What should a free trade deal with the US look like? - LEVENT YILMAZ

What should a free trade deal with the US look like?

One of the hottest topics of last week was the that the U.S. offered to boost its trade volume with Turkey to $100 billion. This positive step in relations that took a nosedive during the F-35 and S-400 period had a positive impact on markets.

What is the current situation?

According to 2018 figures, the total volume in terms of reciprocal trade between the U.S. and Turkey stands at $20.6 billion. Turkey's deficit in this reciprocal trade is $4 billion. However, while the volume for the January-July 2019 period is calculated as $11.2 billion, Turkey's deficit was $2 billion. The most popular products Turkey sells to the U.S. consist of "automobiles, other aircraft and spacecraft, woven carpets and flooring, petroleum and oils produced from bituminous minerals, and iron/steel rods." In contrast, the products it imports the most are iron and steel, other aircraft and space vehicles, cotton, turbojets and coal.

The basis of trade with the US

There is currently no free trade agreement between the U.S. and Turkey or a multi-party trade agreement of which Turkey is a signatory. The "Reciprocal Promotion and Protection of Investments" protocol signed in 1985, the "Double Taxation Agreement" signed in 1996, and the "Trade and Investment Framework Agreement (TIFA)" signed in 1999 are not free trade agreements based on their nature and content. So, what was trade between the two countries based on for so many years?

The only regulation used for Turkish export products entering the U.S. market was the "Generalized System of Preferences (GSP)," which the U.S. uses for developing and underdeveloped countries. According to this system, customs taxes are not applied to some 5,000 products upon entering the U.S., within the pre-determined limits. However, Turkey is no longer in this system. Because on March 5, 2019, U.S. President Donald Trump wrote a letter to U.S. Congress and stated that Turkey needs to be removed from the GSP.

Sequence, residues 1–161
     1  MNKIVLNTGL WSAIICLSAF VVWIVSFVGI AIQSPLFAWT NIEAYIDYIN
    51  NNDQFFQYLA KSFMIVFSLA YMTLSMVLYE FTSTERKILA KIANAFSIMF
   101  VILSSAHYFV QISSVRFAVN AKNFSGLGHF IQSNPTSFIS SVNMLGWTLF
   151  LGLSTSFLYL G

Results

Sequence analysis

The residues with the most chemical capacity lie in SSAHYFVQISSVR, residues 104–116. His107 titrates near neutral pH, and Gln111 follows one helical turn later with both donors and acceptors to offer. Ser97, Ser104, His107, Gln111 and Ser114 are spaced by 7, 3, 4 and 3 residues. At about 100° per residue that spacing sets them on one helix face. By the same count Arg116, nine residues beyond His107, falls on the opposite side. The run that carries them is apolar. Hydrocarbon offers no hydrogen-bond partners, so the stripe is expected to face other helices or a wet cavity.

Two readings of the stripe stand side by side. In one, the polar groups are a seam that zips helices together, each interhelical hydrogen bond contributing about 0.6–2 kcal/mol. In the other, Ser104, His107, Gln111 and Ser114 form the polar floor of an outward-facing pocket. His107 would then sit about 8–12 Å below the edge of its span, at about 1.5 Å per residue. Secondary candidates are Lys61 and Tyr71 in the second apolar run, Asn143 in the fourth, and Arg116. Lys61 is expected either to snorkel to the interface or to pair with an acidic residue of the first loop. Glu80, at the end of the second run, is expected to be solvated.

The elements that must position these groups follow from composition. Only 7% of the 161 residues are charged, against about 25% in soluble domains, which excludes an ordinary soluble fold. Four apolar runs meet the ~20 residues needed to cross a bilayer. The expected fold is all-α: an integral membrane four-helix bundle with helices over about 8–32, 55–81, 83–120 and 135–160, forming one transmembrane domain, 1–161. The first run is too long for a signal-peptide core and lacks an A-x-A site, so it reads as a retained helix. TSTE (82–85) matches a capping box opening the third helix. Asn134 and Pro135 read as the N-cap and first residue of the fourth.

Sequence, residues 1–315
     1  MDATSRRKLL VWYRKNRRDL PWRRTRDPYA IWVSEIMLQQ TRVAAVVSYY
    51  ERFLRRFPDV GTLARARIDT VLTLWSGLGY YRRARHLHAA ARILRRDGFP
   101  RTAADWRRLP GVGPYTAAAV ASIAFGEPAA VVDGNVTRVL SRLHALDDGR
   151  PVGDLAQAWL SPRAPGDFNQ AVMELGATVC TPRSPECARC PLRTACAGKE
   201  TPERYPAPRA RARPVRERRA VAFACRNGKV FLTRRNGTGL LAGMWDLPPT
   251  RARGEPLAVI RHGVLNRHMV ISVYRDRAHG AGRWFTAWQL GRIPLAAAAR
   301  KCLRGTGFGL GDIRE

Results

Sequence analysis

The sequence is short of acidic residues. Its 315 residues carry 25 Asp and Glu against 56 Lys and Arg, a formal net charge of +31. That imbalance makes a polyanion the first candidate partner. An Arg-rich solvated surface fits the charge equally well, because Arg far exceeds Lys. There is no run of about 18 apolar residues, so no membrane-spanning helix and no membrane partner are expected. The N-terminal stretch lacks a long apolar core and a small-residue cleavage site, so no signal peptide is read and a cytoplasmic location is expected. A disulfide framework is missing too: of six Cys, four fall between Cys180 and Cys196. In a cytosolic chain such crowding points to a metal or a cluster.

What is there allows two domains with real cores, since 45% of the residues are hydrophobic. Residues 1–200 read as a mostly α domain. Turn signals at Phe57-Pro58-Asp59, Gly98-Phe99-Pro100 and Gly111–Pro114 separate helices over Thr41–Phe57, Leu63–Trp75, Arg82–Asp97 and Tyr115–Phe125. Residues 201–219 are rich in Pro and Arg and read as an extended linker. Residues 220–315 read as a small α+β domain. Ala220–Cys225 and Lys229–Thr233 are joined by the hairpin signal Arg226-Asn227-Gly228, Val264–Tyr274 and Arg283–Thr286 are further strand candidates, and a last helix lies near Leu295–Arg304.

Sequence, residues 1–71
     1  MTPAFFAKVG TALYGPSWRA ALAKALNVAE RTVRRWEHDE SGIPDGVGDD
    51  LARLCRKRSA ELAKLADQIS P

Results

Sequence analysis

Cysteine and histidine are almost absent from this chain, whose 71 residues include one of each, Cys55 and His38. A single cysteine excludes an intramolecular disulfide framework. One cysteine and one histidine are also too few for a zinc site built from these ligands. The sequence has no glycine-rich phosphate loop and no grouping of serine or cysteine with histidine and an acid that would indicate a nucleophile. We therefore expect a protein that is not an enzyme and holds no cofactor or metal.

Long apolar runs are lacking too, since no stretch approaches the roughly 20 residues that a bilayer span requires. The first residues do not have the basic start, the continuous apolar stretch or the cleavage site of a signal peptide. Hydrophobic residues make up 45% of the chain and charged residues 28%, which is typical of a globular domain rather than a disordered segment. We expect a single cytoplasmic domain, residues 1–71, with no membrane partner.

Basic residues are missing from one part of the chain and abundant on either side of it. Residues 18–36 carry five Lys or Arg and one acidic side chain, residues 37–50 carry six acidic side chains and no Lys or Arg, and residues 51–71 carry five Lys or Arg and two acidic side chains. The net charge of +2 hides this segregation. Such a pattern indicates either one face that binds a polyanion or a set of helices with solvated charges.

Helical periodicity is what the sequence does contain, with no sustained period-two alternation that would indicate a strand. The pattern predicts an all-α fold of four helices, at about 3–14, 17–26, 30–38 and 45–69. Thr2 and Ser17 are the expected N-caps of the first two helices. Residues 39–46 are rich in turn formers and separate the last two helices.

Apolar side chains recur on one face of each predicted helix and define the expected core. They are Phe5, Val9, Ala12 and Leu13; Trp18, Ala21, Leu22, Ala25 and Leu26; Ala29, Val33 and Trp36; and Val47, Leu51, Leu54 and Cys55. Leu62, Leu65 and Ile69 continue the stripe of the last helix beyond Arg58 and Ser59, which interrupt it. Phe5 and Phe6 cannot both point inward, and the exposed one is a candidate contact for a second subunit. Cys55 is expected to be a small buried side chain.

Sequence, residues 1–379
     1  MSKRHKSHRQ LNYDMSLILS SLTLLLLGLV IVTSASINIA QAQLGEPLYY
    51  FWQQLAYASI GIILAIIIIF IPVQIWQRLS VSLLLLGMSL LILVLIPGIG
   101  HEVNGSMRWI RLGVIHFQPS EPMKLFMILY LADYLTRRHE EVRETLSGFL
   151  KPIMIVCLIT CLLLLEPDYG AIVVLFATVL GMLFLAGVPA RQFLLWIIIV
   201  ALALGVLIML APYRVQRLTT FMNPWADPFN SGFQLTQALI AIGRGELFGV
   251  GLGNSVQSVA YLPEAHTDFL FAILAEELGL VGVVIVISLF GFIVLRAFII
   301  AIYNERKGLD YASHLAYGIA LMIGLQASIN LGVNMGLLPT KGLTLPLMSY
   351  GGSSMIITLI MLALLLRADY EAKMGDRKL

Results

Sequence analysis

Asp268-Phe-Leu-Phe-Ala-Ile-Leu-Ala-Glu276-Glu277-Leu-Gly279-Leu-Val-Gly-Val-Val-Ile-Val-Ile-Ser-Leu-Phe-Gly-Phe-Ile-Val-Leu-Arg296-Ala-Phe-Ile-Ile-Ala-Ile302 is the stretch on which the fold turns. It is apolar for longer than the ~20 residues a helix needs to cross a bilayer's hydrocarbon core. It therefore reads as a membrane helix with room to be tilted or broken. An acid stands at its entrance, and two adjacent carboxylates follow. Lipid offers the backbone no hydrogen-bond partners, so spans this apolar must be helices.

In the said letter, Trump's argument was as follows: "Considering Turkey's economic situation, I am taking this step because I believe Turkey should no longer be on the list of developing countries taking advantage of of the GSP. Thanks to its strong economy and the mutual agreements it has made, Turkey reached the level of developed countries and also passed the other countries' GSP programs."

Yet, much prior to this, Trump had bumped up taxes on iron-steel and aluminum imported from Turkey by 100 percent, and raised tax rates on iron and steel to 50 percent, and aluminum to 20 percent.

Also, as of May 17, 2019, Turkey was removed from the GSP, which it has been a part of since 1975. At the time the decision was announced, the customs tariffs on steel the U.S. purchased from Turkey was reduced to 25 percent again. In brief, there is currently no free trade agreement or other regulation with respect to trade between Turkey and the U.S.

Truman, Marshall, Trump

History books relate the kind of pressure Turkey was under following World War II, first after the Truman Doctrine, then the Marshall Plan. These aids that emerged with the aim of eliminating the Soviet threat and preventing a likely political Soviet rapprochement, are described as the foundation of Turkey's de-industrialization. These two subjects have led to such deep wounds in Turkey's industry that we were able to start discussing local technologies and the localization of the industry 60 years after this.

What should a deal be like?

Ongoing tensions between the U.S. and Turkey for some time now have had certain economic outcomes. On the economy side of these tensions, we experienced sanctions, speculative moves, and developments that halted bilateral relations from time to time. As a developing economy we were affected by this. In this sense, of course relations with the U.S. taking a positive turn is desired - as a matter of fact, it should be encouraged. However, the offer aimed at increasing the present volume of $20 billion fivefold must be examined extremely carefully. Because when we consider the industry productions and qualities of products of both countries, matters that may lead to a new de-industrialization process need to be examined very closely.

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